From Preschool to Photoshop: An LAS Senior’s Path to Design

Mushka Hecht offers 8 tips for future graphic designers

March 30, 2015

Mushka was responsible for editing the product photos, designing promotional emails, and creating site banners on up-and-coming daily-deal product website mobstub.com. Her first day on the job, she realized just how much she enjoyed what she was doing. “I love being creative every day and challenging myself to imagine new ways to present information. What’s great about web and graphic design is that I can visualize something, implement my ideas, and then see it onscreen, or on a brochure.”

Or even on invitations. After word got around that she was gaining experience in graphics, Mushka started getting calls to design monograms and invitations for local simchas.

“I actually just made a really cool one for a Bar Mitzvah. The artwork showed a father helping his son put on tefilin for the first time. The parents gave me lot of artistic freedom and told me to ‘do whatever I thought would look best,’ which was amazing...Those are my favorite types of jobs.” The final result‌, she said, garnered “lots of compliments.”

‌ Mushka, a second-generation Touro student (her own mother attended Touro from 2005-2009), began her college years while still in Israel. The Crown Heights native and Bais Rivka High School grad went to Machon Alta (Rosenfeld) seminary in Tzfat, but wanted to get a head start on college, so she simultaneously signed up for classes at Touro College in Israel. Shuttling between Tzfat and her classes on the Touro campus in Jerusalem wasn’t easy, but she said it was ultimately worth it.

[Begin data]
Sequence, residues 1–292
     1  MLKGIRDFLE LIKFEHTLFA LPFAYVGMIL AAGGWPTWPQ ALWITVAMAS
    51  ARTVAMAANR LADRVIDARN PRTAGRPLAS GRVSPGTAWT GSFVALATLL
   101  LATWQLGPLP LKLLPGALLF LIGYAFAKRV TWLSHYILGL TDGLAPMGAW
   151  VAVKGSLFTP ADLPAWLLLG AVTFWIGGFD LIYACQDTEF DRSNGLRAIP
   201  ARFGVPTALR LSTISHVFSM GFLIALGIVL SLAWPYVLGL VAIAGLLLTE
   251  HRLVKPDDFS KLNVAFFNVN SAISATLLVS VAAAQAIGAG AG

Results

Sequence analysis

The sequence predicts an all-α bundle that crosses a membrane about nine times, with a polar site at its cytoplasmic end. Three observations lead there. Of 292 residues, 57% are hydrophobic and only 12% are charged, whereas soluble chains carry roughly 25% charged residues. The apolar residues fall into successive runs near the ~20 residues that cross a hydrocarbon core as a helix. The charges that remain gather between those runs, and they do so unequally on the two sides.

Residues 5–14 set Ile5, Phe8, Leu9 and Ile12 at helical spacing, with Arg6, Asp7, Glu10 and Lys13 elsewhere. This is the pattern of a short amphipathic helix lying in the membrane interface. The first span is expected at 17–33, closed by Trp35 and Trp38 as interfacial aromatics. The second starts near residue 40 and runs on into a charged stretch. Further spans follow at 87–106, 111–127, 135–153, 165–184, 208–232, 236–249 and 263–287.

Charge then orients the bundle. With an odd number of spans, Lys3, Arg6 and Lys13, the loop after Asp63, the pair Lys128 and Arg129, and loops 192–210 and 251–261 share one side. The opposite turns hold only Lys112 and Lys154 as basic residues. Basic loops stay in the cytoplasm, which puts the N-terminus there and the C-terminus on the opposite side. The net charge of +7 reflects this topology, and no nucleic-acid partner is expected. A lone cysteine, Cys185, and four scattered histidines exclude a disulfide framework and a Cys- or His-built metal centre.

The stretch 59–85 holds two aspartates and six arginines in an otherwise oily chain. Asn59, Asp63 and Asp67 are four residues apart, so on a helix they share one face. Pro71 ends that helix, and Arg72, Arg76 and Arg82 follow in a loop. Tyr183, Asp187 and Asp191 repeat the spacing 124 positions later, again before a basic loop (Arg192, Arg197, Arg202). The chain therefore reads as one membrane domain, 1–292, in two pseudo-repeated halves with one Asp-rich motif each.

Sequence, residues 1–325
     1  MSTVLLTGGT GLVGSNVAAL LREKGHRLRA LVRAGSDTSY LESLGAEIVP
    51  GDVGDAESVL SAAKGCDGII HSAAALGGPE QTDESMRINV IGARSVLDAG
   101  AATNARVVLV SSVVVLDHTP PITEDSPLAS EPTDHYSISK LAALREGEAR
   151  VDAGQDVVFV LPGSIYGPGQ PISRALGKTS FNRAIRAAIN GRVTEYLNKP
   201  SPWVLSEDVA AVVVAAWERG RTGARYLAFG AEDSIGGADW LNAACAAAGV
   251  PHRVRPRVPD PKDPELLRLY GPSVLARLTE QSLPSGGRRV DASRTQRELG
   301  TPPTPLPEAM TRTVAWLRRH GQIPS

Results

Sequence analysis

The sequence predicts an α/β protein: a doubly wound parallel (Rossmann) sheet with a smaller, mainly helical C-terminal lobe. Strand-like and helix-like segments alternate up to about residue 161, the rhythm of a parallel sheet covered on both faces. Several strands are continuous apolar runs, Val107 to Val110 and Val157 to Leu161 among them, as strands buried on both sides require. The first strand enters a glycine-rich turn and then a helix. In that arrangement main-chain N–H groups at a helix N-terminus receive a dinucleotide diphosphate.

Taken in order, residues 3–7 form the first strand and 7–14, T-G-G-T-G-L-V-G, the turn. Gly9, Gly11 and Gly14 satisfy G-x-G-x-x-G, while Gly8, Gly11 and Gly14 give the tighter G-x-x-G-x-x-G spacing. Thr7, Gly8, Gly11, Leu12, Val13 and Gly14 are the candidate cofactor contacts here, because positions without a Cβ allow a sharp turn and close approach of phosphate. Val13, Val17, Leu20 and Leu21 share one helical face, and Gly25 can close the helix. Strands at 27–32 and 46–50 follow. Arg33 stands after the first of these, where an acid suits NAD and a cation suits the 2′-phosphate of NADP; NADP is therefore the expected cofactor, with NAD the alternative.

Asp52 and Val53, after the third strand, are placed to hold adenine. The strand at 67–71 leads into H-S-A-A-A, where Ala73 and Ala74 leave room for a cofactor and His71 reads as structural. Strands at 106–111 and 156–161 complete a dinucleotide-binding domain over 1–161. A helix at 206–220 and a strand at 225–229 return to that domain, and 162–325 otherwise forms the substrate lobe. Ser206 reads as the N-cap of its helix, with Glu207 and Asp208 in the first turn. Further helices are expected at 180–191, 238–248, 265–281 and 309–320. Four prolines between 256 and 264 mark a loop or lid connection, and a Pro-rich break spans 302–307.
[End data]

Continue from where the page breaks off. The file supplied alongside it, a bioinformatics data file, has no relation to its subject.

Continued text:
Currently, while finishing up her last semester at Touro Flatbush, she’s still working for Mobstub.com. And though she loves her job, she hates missing class. “Whenever there’s a snowstorm, we dread it, because we need our class time. There’s so much to learn, and so little time!”

Her future plans are ambitious. “Mobstub is a growing company, so I hope to grow with them. They’re trying to hire new people, so my dream is for them to expand the graphic department and for me to someday manage that team. I’m excited to take my career to the next step!”

Though she’s the only one in charge of graphics, she is optimistic. “If I get offered a position as manager of design, I’d be ecstatic.” And she’s not scared about the responsibility. “Two of my professors gave me their personal emails to contact them with any questions that may arise. One of them, Professor Kevin Sartain, said, ‘When you’re offered a full-time job, just say yes and accept [even if you’re not sure you’re fully equipped.] And then I’ll help you along the way.’ To me, this was the most touching statement. It’s so helpful for me to know that I’ll have support even when I leave Touro.’

Just to provide a small glimpse into what she’s learning, here are her top eight tips for future graphic designersculled from her courses at Touro and from her work experience.

1. Brainstorming and sketching are where amazing ideas are born. “Every design begins with the pen in your hand.”

2. Rulers and guides are your new best friends. “If you thought you were running away from math, you’re mistaken. Nothing is more unprofessional than a line that’s unintentionally a bit off-center or the spacing between two elements a fraction off.”

3. Don't be afraid to play. “Save a copy of your work for reassurance, and then make changes and see what comes out of it. Sometimes, amazing things can happen. For all the other times, you can always go back to the original.” 

5. White space is a good thing. “Does it look better without it? If so, leave it out. Ask yourself that question to help keep your designs clean and simple.”

6. Follow great websites, magazines, blogs and Instagram accounts. “‘Stare at great design and you will become great designers’—said by every professor, every semester. Your eyes will be exposed to good design and inspire your mind to create on a higher caliber."

7. On that note, keep an inspiration folder. “Have both a physical one and a virtual one on your computer. Whenever you see something that catches your eye, move it there. Then, when you’re looking for inspiration, open it up for ideas.”

And finally:

8. Always save your work in four places. “You don't want to learn the hard way by discovering your flash drive is lost and all your files you've spent countless hours on have disappeared. At any given moment, make sure your project is saved on your desktop, in your email, on a flash drive, and on a hard drive or cloud storage!”